Real cyclists use toe clips.
    jimmuller

  20. #20
    Senior Member Ed.'s Avatar
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    Quote Originally Posted by Bandera View Post
    Why mess around with all of that gearing and freewheeling nonsense?
    Ride Fixed Gear on the road!

    Fixed_Trek.jpg

    -Bandera
    Hah, only sissies ride with brakes on a fixed gear.
    Yes, you can have my sew-ups, but first you'll need to pry my cold, dead fingers from them.

  21. #21
    Senior Member rootboy's Avatar
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    I'm only part mudgeon.
    The rest is cur.

  22. #22
    Senior Member Salubrious's Avatar
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    Quote Originally Posted by John E View Post
    The light is one place I would NOT want to go back. Today's LEDs and rechargeable batteries are a huge safety improvement over what came before, in which 90% of the energy went into heat, instead of light.

    Pumps are another area in which I do not want to go retro -- I'll take a Zefal HP-X or a good Blackburn over any frame fit pump made in the early 1970s, other than perhaps a Silca.

    Likewise, I like Kevlar reinforced tires.

    I also find that I need at least 2x6 gearing, so I need either 123mm OLD ("ultra" 6-speed) or 126mm ("standard" 6-speed). I was never able to get both the 2:1 range and the 6% progression I needed with only 9 usable gears, but I can do it with 11.

    I run road quill pedals with toeclips on all of the road bikes, and I am seriously contemplating the MKS Lyotard clone platforms, again with clips and straps, for the mountain bike and possibly for the UO-8 commuter/beater, as well.
    I agree with a lot of this but the pedal thing- if you like that Lyotard pedal, get yourself a set rather than the MKS Sylan Touring- the original is lighter, looks better and has better bearings.

    I find I have no interest in new machines, except maybe a fat tire someday... and as the sickness has progressed, I find that I am more and more interested in older and older machines...

  23. #23
    Ding! Bandera's Avatar
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    Quote Originally Posted by Ed. View Post
    Hah, only sissies ride with brakes on a fixed gear.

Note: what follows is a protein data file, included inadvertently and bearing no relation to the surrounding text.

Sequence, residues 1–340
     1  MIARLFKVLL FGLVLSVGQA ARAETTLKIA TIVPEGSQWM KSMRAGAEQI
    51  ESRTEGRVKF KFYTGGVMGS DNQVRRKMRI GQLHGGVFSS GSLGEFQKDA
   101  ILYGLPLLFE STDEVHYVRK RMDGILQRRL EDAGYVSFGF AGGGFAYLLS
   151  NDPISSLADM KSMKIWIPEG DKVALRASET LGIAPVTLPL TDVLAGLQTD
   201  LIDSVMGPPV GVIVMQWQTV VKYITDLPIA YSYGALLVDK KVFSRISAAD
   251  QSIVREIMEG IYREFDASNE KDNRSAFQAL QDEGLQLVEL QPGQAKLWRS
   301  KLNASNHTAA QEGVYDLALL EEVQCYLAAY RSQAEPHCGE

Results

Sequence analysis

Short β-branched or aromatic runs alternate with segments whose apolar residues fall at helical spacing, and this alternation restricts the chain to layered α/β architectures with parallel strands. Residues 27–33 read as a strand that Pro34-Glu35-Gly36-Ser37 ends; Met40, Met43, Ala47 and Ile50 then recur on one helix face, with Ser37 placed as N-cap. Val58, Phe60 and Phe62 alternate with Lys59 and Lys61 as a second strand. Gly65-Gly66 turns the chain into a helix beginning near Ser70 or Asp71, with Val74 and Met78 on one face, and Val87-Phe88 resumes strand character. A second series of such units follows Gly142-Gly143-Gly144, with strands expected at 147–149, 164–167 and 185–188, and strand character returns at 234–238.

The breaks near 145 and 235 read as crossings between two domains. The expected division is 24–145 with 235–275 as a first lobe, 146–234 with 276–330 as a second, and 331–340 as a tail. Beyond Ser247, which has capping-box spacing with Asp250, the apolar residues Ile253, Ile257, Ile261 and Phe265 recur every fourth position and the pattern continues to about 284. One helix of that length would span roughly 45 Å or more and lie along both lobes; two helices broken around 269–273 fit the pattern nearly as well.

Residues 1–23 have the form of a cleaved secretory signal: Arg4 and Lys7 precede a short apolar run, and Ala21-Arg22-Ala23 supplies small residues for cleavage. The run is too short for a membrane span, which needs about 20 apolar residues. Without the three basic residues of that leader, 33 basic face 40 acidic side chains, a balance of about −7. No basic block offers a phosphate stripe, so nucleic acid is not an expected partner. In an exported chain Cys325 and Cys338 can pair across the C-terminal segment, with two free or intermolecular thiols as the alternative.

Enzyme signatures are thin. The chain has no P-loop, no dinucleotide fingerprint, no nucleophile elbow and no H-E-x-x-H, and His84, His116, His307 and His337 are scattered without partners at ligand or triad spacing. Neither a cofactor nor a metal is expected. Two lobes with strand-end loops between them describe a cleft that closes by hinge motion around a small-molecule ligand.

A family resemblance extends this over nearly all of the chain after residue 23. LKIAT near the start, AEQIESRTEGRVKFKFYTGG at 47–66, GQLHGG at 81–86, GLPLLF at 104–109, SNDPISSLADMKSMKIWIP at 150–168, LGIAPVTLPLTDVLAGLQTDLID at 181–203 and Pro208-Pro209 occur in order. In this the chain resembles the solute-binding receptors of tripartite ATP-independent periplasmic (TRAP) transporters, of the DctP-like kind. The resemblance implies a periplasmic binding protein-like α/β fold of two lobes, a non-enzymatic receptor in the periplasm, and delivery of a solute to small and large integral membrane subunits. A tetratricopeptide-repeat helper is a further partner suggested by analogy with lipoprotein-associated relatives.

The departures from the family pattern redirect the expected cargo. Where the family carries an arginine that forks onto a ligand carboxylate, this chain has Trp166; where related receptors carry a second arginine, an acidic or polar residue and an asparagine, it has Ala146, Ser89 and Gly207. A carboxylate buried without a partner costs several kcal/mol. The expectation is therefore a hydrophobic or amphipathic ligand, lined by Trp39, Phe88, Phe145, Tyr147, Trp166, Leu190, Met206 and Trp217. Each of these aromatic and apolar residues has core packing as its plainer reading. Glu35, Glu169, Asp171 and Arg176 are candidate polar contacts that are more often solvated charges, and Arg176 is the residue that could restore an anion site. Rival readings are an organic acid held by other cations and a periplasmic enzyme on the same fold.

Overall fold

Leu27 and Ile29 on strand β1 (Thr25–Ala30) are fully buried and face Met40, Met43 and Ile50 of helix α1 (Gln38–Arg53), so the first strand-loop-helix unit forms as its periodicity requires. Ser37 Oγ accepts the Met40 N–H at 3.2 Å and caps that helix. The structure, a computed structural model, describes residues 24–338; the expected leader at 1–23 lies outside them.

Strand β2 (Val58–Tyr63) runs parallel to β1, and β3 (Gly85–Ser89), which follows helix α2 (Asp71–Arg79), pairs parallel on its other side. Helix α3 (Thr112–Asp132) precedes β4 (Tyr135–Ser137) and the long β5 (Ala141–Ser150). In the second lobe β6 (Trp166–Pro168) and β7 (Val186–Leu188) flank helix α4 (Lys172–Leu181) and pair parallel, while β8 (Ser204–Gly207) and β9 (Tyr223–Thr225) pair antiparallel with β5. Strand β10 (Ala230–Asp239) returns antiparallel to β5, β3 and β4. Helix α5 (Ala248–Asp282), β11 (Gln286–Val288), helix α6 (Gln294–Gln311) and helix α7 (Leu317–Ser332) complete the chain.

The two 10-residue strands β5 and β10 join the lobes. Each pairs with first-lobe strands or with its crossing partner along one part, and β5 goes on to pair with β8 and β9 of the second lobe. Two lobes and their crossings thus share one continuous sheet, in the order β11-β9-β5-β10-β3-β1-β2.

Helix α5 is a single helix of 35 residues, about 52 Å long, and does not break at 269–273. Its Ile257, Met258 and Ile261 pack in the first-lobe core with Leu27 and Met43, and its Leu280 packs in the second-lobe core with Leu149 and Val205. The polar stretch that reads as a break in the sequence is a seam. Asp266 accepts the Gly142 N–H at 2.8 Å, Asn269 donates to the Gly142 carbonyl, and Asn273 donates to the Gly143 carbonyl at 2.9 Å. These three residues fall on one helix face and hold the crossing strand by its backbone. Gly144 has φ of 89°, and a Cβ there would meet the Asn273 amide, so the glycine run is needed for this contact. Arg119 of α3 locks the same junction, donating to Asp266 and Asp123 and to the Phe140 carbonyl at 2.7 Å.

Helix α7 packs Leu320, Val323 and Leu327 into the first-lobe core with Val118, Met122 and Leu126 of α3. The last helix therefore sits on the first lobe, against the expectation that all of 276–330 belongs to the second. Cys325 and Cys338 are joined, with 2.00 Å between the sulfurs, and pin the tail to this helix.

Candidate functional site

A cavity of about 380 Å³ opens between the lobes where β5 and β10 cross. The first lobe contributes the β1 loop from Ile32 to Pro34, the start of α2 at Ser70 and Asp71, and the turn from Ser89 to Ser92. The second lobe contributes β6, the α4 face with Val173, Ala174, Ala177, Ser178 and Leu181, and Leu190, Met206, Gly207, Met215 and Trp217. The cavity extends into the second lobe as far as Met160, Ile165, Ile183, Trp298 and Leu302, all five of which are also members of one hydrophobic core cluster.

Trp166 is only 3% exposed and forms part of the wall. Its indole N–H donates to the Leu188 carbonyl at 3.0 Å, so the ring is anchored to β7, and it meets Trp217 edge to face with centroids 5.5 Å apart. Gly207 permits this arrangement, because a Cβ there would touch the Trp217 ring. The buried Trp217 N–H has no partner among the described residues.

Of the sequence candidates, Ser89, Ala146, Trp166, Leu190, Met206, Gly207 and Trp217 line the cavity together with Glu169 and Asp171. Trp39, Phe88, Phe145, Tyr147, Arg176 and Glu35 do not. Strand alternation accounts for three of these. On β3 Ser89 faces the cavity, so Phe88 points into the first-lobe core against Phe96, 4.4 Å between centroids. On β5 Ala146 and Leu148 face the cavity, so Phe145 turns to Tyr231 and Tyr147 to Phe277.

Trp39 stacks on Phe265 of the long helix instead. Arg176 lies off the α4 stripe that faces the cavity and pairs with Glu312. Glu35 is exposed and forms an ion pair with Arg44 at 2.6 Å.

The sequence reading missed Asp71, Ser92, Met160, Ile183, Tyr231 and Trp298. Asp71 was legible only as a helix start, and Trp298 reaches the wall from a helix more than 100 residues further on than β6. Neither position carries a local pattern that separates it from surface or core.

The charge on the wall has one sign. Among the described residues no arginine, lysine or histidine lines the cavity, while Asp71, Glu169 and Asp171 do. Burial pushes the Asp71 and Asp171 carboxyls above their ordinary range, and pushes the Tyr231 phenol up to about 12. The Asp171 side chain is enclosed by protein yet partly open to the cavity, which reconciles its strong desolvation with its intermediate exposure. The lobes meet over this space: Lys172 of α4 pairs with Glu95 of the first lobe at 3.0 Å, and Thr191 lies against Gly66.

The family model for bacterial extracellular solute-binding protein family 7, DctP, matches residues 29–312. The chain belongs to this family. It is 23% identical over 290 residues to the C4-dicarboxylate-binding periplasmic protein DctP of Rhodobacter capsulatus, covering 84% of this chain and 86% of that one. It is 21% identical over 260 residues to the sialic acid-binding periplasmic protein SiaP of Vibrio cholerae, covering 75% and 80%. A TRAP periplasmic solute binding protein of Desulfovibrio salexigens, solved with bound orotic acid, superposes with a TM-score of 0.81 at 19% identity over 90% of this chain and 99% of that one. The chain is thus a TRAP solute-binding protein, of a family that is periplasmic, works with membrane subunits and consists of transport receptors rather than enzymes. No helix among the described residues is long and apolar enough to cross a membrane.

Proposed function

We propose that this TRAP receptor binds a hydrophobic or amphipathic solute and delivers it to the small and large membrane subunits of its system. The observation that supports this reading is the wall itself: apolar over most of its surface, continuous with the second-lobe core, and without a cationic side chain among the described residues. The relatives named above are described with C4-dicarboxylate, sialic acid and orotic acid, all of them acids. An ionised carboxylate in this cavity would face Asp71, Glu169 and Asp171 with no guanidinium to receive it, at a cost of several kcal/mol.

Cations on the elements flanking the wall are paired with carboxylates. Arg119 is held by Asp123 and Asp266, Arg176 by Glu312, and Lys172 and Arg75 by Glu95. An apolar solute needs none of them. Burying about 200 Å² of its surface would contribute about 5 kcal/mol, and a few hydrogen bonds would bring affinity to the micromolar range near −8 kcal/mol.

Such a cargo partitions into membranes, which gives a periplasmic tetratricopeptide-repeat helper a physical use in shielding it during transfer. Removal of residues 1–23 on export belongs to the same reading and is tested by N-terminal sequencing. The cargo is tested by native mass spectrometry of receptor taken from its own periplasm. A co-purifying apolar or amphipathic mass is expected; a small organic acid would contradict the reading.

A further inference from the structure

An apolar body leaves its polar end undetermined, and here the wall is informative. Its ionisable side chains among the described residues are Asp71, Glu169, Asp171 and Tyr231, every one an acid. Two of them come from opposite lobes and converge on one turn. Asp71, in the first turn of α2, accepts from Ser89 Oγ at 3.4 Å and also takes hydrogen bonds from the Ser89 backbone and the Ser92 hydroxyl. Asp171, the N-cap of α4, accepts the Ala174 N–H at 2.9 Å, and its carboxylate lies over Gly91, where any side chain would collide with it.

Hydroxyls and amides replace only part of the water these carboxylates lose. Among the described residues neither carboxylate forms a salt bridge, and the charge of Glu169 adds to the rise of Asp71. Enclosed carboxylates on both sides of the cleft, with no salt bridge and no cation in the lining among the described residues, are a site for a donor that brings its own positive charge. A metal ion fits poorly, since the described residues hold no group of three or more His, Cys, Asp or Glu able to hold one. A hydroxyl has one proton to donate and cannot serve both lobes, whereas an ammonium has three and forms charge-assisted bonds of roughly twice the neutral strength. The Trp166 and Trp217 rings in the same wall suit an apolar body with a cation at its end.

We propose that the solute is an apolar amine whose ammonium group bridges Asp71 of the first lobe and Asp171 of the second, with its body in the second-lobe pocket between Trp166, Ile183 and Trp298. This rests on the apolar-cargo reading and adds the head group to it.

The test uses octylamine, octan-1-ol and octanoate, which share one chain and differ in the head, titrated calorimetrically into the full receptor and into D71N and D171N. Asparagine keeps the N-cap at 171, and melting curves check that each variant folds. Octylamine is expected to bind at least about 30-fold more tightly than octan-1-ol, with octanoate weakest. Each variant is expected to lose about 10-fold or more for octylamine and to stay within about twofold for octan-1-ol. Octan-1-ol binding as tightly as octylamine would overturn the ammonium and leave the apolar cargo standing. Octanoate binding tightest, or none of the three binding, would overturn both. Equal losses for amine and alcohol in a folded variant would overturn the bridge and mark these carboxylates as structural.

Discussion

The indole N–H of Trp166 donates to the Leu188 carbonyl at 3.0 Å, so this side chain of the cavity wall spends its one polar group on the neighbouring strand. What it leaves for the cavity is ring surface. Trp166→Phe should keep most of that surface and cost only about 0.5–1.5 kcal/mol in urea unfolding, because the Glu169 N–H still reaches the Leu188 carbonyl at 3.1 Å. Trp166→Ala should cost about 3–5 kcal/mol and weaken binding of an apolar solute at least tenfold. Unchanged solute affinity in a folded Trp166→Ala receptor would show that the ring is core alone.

Riding Fixed Gear on the road is not same as "Fixie" bicycle use.
    One is a century old cycling discipline, the other is something else perhaps more akin to skateboarding on much a faster platform in urban traffic.
    Suit yourself, the 19th century technology works for me, brakes and all.

    Tourmen by Les Woodland.jpg

    I do seriously recommend that anyone interested in Cycling, curmudgeonly or not, to take up FG cycling on the road.
    It takes a serious commitment to technique and proper gear but it is the Real Old School of Cycling, anything else......Slackers........

    -Bandera
    Last edited by Bandera; 12-07-14 at 07:42 PM.
    '74 Raleigh International - '77 Trek TX900FG - '92 Vitus 979 - '10 Merckx EMX-3- '11 Soma Stanyan

  24. #24
    Is a real super guy. Henry III's Avatar
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    I used to ride fixed a few years ago and really got my pedaling cadence in order instead of my pedal...coast...pedal...coast...etc. I used to ride brakeless but ran with a 39/16 setup so locking it up didn't require much effort. But with going back to a classic setup I don't find myself shifting as much or at all during a ride so maybe I might give it a try again. With brakes this times. Lol.

  25. #25
    Senior Member Ed.'s Avatar
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    Quote Originally Posted by Bandera View Post
    Riding Fixed Gear on the road is not same as "Fixie" bicycle use.
    One is a century old cycling discipline, the other is something else perhaps more akin to skateboarding on much a faster platform in urban traffic.
    Suit yourself, the 19th century technology works for me, brakes and all.

    Tourmen by Les Woodland.jpg

    I do seriously recommend that anyone interested in Cycling, curmudgeonly or not, to take up FG cycling on the road.
    It takes a serious commitment to technique and proper gear but it is the Real Old School of Cycling, anything else......Slackers........

    -Bandera
    Oh dear, I fear you take me to seriously - I forgot the winkie...

    Back when I was young and dumb I rode my Raleigh Pro Track bike all around the Boston area and South Shore. Even Belmont hill (up and down). Two or three of my better bike stories involve that bike. Alas it is too big for me now (it always was, but now it's really too big), and I don't think my lower limbs would take kindly to the demands of riding brakeless...
    Yes, you can have my sew-ups, but first you'll need to pry my cold, dead fingers from them.